Bombardier, Inc. (TSX:BBD.B) has asked the federal government for US$1 billion in aid, and investors are wondering if another round of government funding will finally send the shares soaring.
Bombardier has been burning through funds at a fantastic rate in recent years, and cost overruns in its beleaguered CSeries program finally caught up with the plane maker early last year.
The company brought in a new CEO, suspended the dividend, and somehow managed to convince investors to pay $2.21 per share in an equity issue that raised $1.1 billion. The bond market also gobbled up US$ 2.2 billion in new senior notes.
As 2015 progressed, it became evident that extra cash would be needed, but adding more debt or issuing additional shares wasn’t an option. Instead, Bombardier went to the Quebec government and its pension fund to find the money.
Quebec handed over US$1 billion for a 49.5% stake in the CSeries program and province’s pension fund coughed up US$1.5 billion for a 30% position in the rail division, Bombardier Transport.
Now the company is asking Prime Minister Trudeau to kick in an additional US$1 billion.
Does Bombardier need the money?
Bombardier has indicated it needs about US$2 billion in funding to get it through 2020, when it expects the CSeries program to begin generating profits.
But investors and taxpayers are a bit confused because Bombardier’s vice president of the CSeries program recently told the Financial Post that the requested handout from the federal government would be “really just an extra bonus that would be helpful, but is very clearly not required.”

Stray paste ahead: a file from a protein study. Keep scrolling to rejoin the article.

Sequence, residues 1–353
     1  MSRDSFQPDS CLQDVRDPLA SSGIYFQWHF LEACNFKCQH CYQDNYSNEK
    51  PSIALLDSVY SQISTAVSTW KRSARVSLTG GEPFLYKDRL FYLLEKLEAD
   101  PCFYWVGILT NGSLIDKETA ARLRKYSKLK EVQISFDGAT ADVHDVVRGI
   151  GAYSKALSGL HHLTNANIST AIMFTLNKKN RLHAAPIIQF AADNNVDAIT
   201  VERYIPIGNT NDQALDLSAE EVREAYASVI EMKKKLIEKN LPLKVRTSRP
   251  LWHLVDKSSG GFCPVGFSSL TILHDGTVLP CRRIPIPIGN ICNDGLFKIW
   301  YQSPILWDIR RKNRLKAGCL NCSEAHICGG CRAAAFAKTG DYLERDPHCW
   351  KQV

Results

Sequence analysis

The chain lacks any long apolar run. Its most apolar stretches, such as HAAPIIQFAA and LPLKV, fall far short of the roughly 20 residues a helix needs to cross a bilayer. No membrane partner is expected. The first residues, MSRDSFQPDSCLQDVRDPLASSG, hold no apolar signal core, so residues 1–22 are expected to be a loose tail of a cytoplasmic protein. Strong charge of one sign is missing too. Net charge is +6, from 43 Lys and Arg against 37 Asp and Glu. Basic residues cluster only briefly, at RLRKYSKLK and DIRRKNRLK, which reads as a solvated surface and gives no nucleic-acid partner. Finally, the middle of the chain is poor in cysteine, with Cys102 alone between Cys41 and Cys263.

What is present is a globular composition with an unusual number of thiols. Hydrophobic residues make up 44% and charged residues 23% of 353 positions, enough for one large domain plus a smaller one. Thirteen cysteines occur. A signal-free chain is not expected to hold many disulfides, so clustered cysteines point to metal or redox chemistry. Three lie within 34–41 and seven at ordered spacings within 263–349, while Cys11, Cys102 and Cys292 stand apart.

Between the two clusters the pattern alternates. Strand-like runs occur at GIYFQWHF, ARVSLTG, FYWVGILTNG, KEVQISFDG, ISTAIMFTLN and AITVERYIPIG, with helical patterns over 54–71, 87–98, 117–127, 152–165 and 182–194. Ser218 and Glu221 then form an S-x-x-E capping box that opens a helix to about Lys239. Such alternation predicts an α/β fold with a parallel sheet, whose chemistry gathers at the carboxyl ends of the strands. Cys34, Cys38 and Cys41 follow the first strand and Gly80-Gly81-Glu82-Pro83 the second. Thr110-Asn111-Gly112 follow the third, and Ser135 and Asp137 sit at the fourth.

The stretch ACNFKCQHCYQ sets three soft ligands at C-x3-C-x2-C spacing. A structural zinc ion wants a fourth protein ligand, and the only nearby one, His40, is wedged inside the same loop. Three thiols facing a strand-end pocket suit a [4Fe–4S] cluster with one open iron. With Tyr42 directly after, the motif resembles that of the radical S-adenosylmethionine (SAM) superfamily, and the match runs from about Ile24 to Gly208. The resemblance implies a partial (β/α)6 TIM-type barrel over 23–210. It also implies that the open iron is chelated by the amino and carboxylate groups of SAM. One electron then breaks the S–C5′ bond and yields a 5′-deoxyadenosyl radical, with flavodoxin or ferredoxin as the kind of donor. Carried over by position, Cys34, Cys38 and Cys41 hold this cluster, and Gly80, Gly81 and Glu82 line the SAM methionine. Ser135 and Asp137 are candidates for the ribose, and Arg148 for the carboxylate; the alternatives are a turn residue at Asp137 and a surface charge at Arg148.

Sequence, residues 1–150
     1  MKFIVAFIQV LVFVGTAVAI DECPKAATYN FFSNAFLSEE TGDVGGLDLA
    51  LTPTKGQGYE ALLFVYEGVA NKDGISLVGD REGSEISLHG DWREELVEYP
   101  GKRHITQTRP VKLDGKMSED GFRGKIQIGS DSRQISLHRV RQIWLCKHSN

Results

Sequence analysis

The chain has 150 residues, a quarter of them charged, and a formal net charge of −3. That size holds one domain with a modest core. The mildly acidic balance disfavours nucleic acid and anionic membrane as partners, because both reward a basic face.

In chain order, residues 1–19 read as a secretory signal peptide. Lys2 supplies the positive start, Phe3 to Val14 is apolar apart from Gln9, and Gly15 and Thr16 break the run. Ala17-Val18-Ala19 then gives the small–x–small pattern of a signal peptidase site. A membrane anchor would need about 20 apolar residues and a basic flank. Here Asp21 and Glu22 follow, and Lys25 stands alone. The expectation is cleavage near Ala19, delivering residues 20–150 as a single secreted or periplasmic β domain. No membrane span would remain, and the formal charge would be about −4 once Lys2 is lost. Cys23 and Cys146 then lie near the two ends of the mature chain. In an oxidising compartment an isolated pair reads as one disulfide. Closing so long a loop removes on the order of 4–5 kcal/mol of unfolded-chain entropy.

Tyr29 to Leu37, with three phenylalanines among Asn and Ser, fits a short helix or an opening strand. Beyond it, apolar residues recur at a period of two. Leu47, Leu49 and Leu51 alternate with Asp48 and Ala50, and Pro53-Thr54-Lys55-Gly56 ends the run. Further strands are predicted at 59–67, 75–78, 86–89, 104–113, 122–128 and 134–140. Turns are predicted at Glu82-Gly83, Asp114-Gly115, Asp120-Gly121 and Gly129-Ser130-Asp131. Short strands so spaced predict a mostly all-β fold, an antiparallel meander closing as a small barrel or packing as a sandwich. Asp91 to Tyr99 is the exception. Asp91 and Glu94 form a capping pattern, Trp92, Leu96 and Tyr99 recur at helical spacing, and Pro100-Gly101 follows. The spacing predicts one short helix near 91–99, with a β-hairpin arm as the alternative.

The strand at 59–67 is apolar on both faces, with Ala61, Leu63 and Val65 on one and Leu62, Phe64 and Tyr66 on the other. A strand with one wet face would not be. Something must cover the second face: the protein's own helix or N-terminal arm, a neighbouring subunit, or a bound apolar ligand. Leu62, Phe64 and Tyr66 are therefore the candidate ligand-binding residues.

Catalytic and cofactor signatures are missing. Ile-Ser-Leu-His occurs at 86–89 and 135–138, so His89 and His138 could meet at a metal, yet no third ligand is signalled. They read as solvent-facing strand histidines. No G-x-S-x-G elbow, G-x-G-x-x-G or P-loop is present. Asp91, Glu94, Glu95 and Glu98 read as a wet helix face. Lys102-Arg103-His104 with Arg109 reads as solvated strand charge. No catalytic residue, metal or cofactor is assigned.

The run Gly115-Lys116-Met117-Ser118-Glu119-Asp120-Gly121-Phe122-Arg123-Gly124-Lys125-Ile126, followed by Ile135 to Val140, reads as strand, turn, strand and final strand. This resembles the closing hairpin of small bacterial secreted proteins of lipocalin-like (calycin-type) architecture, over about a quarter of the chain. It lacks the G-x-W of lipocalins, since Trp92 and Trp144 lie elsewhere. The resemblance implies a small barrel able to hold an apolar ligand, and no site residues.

What should investors do?
If Bombardier really doesn’t need the fed’s cash, it might be a good sign. The first CSeries is set for delivery in June, and once the customer, Swiss International Airlines, takes possession of the jet, Bombardier will be paid for the plane, and the CSeries program will officially be off the runway.
An additional investment by the federal government will certainly provide a nice cash cushion, and the market could perceive the move positively and send the stock higher.
Whether or not a fed-induced gain in the share price will hold is another question.
The government isn’t going to hand over that much money without some serious strings attached, and the arrival of the feds to the game will mean that three separate government stakeholders will be trying to work with the famous Bombardier family to run the company.
It might work out well, but I’m not holding my breath.
On the operational side, Bombardier is facing a long road to profitability with the CSeries program, and sales are still shy of the company’s target. At the same time, the rail division is struggling to fulfill contract obligations and is losing big U.S. deals to the Chinese.
Contrarian types with a high risk tolerance might want to take a small position on the hopes of a rally, but I would avoid the stock. There are simply too many moving parts to the story right now.